In our previous blog, we had an overview of regulations pertaining to Total Fat and Cholesterol declarations. In this blog, we shall look at how regulations stand for Sodium and Sugar declarations.
|Less than 5 mg per RACC and per labeled serving (or for meals and main dishes, less than 5 mg per labeled serving)|
Contains no ingredient that is sodium chloride or generally understood to contain sodium.
“Salt Free” must meet criterion for “Sodium Free”
|140 mg or less per RACC (and per 50 g if RACC is small)|
Meals and main dishes: 140 mg or less per 100g
“Very Low Sodium”: 35 mg or less per RACC (and per 50 g if RACC is small). For meals and main dishes: 35 mg or less per 100 g
|At least 25% less sodium per RACC than an appropriate reference food (or for meals and main dishes, at least 25% less sodium per 100 g)|
Reference food may not be “Low Sodium”
|“Light” (for sodium reduced 21 CFR products): if food is “Low Calorie” and “Low Fat” and sodium is reduced by at least 50%.|
“Light in Sodium”: if sodium is reduced by at least 50% per RACC
For meals and main dishes, “Light in Sodium” meets definition for “Low in Sodium”
“No Salt Added” and “Unsalted” must declare “This is Not a Sodium Free Food” on information panel if food is not “Sodium Free”
“Lightly Salted”: 50% less sodium than normally added to reference food and if not “Low Sodium”, so labeled on information panel
|Sodium/Salt||FSSR||Product contains no more than|
0.005g of sodium, or 0.0125 g of salt, per 100g
|Very Low: Product contains no more than 0.04 g of sodium, or 0.10 g salt, per 100 g or per 100 ml. This claim shall not be used for natural mineral waters and other waters.|
|Low: Product contains no more than 0.12 g of sodium, or 0.3 g salt (NaCl) per 100 g or per 100 ml.|
21 CFR 101.60 (c)
|“Sugar Free”: Less than 0.5 g sugars per RACC and per labeled serving (or for meals and main dishes, less than 0.5 g per labeled serving)|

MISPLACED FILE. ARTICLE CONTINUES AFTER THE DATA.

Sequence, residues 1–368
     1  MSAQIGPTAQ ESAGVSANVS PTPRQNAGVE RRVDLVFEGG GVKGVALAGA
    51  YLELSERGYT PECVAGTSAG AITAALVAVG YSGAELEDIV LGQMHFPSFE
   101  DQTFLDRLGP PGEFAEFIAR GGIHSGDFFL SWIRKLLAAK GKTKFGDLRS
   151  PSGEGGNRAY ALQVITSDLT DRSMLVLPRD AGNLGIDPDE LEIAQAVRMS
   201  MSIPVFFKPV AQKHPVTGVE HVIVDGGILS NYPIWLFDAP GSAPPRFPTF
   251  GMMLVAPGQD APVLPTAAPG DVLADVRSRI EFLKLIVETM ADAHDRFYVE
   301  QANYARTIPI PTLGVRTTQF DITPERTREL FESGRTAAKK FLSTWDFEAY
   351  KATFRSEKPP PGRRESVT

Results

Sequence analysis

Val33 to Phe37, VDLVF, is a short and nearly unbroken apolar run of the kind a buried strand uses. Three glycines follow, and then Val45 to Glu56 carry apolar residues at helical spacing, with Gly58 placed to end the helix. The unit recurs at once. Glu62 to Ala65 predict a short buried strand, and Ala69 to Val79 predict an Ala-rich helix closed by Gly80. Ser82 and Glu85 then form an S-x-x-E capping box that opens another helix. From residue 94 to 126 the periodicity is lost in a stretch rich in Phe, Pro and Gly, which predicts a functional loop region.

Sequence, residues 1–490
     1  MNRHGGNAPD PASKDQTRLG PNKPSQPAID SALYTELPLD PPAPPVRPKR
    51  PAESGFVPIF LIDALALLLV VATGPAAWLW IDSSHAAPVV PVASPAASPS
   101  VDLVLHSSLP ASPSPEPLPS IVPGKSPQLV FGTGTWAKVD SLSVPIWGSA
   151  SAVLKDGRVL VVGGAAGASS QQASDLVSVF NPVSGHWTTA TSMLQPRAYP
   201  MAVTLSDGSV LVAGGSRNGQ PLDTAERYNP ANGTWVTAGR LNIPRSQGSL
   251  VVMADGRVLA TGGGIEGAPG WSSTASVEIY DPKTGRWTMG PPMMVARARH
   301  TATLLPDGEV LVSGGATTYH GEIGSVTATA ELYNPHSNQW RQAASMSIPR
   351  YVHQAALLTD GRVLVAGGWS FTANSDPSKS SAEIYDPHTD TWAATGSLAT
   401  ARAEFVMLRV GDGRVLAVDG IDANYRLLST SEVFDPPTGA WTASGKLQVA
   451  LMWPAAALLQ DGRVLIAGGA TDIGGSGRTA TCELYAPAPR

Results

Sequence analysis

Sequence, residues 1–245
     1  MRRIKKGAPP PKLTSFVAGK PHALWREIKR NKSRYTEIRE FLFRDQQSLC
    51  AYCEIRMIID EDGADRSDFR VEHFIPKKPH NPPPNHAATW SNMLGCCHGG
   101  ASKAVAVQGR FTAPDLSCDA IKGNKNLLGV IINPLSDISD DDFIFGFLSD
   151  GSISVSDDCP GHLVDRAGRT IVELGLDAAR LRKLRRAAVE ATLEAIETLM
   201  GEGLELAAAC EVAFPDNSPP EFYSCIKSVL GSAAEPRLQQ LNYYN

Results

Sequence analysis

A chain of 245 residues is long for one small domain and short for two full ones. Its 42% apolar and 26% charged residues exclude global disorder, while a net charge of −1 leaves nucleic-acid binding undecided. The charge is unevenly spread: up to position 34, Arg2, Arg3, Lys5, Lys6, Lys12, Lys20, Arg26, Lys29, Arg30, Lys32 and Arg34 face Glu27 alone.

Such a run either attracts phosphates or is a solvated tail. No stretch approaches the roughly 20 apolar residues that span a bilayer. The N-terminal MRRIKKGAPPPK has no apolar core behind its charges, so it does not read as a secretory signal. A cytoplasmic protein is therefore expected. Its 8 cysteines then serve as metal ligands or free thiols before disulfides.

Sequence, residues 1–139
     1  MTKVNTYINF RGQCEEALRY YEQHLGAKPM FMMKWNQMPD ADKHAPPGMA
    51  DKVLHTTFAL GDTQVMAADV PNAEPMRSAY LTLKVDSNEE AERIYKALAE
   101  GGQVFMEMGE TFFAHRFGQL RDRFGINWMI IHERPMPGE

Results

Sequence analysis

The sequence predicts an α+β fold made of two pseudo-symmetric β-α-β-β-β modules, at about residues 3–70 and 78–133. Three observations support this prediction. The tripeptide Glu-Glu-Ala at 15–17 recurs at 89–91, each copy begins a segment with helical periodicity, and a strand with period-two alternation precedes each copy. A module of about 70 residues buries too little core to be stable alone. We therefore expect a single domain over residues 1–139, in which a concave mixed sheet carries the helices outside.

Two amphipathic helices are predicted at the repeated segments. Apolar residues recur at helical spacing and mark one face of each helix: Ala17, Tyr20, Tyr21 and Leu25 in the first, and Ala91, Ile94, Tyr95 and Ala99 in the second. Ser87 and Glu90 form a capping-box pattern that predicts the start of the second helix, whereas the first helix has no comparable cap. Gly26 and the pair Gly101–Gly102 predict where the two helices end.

Contains no ingredient that is a sugar or generally understood to contain sugars
Disclose calorie profile (e.g., “Low Calorie”)
May not be used
|At least 25% less sugars per RACC than an appropriate reference food (or for meals and main dishes, at least 25% less sugar per 100g)|
May not use this claim on dietary supplements of vitamins and minerals
|“No Added Sugars” and “Without Added Sugars” are allowed if no sugar or sugar containing ingredient is added during processing. State if food is not “Low” or “Reduced Calorie”|
The terms “Unsweetened” and “No Added Sweeteners” remain as factual statements
The claim does not refer to sugar alcohols, which may be present.
For dietary supplements: “Sugar Free” and “No Added Sugar” may be used for vitamins and minerals intended to be used by infants and children less than 2 years of age.
|FSSR||The product contains no more than 0.5 g of sugars per 100 g or 100 ml.||The product contains no more than 5 g of sugar per 100 g for solids or 2.5 g of sugar per 100 ml for liquids.||With no added sugar or without|
added sugar: Product does not contain any added mono-or disaccharides or any other food used for its sweetening properties. If sugars are naturally present in the food, the following indication should also appear on the label: ‘CONTAINS NATURALLY OCCURRING SUGARS’.
# 1 kcal = 4.2 kJ
* To make these claims the specific nutrient in the food must provide the minimum amount of energy specified.
% energy from the nutrient = 100 X [(Grams of nutrient per 100 g of product X Conversion Factor for nutrient)/ (Total energy per 100 g of product)]
There are details pertaining to Nutrient Relative Claims, Other Nutrient Content Claims and Implied Claims (21 CFR 101.65) in the Food Labeling Guide prepared by FDA.
The draft notification for Food Safety and Standards (Claims and Advertisement) Regulations, 2018 also has more information on Dietary Fiber, Protein, Vitamins and/or Minerals, Relative Claims (Increased/Enhanced and Reduced), Prebiotic Fiber, Probiotics and Glycemic index (GI).
Courtesy: Aravind Ravi, Technical Documentation Manager at ManageArtworks.
Have some thoughts? Share right away!